One dusty black car that pulled up to a toll at Stone Mountain park on Saturday looked like any other about to sputter into the Georgia park, but its driver had a plan: she handed the attendant a penny, then a second, and a third, on her way to $15. At three tolls nearby, drivers did the same, locking cars in traffic as far as the eye could see.
As planned, that’s when the protest against “pro-white” and pro-Confederate demonstrators began.
Nearly 50 activists affiliated with Black Lives Matter and progressive groups jumped out of cars, unfurled banners against white supremacy, and passed out flyers to exasperated drivers, who honked horns and shouted obscenities.
This Wall Street Journal piece has an unusual look at the commercial origins of America’s gun culture. A taste:
Having started with customers who needed guns but didn’t especially love them, the industry now focused on those who loved guns but didn’t especially need them. In the late 1800s, gun companies were innovators in advertising, among the first merchandisers to make extensive use of chromolithography, an early technique for producing multicolored print. Their calendars and other promotional materials were works of art, depicting exciting scenes in which gunmen faced off with bandits or beasts.
If there was any question about whether Dan Cathy was planning to support confidante Jim Pace in the Third Congressional District, think again.
The Chick-fil-A CEO and his wife co-hosted a reception supporting Pace at Glendalough Manor in Tyrone Thursday. The price per ticket? $250. Also on the host committee were state Reps. David Knight, R-Griffin, and Brian Strickland, R-McDonough.
Pace, of course, spearheaded the group of investors that helped Cathy bring Pinewood Studios to metro Atlanta. He’s now running in the crowded primary to succeed the retiring Lynn Westmoreland in the conservative Third District.
Pace lost the first quarter fundraising battle in that race to dentist and former West Point mayor Drew Ferguson, but he had the most money in the bank out of all the competitors at the end of March. His $330,000 cash on hand was mostly due to money he put into his own campaign.
Speaking of early fundraising, former U.S. Rep. Paul Broun reported fairly anemic numbers compared to his main opponent in the 9th District congressional primary, incumbent Doug Collins.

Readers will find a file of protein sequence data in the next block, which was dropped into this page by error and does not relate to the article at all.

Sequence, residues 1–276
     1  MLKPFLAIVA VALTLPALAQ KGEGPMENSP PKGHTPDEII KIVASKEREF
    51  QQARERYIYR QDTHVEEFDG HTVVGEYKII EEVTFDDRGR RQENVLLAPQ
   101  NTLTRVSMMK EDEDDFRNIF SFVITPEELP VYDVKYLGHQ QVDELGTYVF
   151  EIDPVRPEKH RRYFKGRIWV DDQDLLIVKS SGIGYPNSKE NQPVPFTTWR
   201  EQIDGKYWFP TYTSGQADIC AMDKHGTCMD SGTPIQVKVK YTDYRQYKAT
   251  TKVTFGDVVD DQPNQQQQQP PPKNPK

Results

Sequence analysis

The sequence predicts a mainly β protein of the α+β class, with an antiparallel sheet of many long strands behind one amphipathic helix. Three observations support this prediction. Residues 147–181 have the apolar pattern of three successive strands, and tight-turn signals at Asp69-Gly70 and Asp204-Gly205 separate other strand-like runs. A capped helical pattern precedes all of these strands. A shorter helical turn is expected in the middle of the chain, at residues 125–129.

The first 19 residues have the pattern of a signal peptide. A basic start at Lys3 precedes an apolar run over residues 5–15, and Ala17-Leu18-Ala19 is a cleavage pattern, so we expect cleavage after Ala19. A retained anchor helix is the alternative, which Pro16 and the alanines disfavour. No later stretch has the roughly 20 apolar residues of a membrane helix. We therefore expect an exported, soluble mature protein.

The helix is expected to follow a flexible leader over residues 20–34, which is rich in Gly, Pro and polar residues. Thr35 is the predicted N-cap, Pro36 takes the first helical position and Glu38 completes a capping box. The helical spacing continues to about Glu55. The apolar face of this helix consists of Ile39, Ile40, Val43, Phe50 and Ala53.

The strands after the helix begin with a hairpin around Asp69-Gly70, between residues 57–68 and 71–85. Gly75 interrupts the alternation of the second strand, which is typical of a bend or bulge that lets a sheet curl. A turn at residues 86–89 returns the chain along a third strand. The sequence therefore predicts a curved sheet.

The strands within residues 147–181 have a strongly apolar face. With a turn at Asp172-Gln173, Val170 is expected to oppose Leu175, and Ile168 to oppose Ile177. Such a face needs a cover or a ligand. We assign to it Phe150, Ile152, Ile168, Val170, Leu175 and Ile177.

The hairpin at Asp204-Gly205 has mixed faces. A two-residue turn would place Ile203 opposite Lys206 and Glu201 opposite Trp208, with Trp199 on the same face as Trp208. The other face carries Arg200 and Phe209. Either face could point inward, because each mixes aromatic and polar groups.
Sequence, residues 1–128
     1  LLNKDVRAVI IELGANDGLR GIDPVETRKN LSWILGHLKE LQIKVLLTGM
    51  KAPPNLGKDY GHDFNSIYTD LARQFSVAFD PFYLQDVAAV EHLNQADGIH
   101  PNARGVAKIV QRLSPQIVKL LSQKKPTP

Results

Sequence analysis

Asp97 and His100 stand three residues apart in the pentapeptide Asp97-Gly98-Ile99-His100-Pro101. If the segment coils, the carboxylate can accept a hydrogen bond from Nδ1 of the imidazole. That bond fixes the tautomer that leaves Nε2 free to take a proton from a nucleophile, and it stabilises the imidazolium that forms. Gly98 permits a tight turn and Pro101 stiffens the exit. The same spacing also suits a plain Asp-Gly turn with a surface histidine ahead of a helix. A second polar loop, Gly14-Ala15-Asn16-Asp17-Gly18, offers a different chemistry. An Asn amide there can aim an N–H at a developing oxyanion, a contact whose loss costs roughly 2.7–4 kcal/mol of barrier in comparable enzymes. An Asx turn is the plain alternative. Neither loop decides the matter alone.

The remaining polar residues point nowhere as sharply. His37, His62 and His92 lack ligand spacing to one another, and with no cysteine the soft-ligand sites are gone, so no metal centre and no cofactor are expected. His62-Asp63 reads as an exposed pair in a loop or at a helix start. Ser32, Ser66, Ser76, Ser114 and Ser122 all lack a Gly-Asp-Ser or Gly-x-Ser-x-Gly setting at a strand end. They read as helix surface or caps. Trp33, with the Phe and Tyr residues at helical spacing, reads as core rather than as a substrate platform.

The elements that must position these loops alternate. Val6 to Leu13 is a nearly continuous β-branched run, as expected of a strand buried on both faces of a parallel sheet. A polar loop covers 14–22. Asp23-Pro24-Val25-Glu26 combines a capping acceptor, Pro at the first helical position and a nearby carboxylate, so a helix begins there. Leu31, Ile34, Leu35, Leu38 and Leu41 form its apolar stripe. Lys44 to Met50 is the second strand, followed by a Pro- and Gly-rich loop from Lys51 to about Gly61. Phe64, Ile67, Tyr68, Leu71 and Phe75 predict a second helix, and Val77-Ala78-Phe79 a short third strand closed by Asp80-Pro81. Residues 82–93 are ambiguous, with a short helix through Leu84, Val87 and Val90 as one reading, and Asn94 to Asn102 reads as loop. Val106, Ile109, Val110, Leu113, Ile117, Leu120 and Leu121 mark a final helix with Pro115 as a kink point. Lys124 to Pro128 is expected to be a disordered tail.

Broun’s campaign reported a little more than $65,000 in receipts through March 31, according to federal campaign finance filings. That’s less than one-tenth of what Collins, R-Gainesville, saw in contributions during that same period.
Collins’ campaign attracted big money from political action committees, including those of top House Republicans Paul Ryan and Kevin McCarthy. We wrote all about the built-in fundraising advantages incumbents have last week and you can read that piece here.
Broun, meanwhile, got most of his money from individual donors, including maximum donations from the CEOs of two oil companies, Whitaker Oil in Marbleton and Middleton Oil in Houston. His campaign kicked off April with more than $43,000 in the bank, again about a tenth of what Collins has on hand.
“In just three weeks after announcing, I raised the money needed to the lay the foundation for my campaign. And, unlike Doug Collins, I did so without being bankrolled by establishment politicians like Paul Ryan,” Broun said in a statement.
“As it pertains to the national convention, two delegates (Will Carter and Linda Olson) delegates are bound to Donald J. Trump on the first ballot. In subsequent ballots they are unbound and become free agents. However, it is becoming increasingly likely that Donald Trump will have the requisite 1,237 delegates going into the convention, which will give him the nomination on the first ballot.”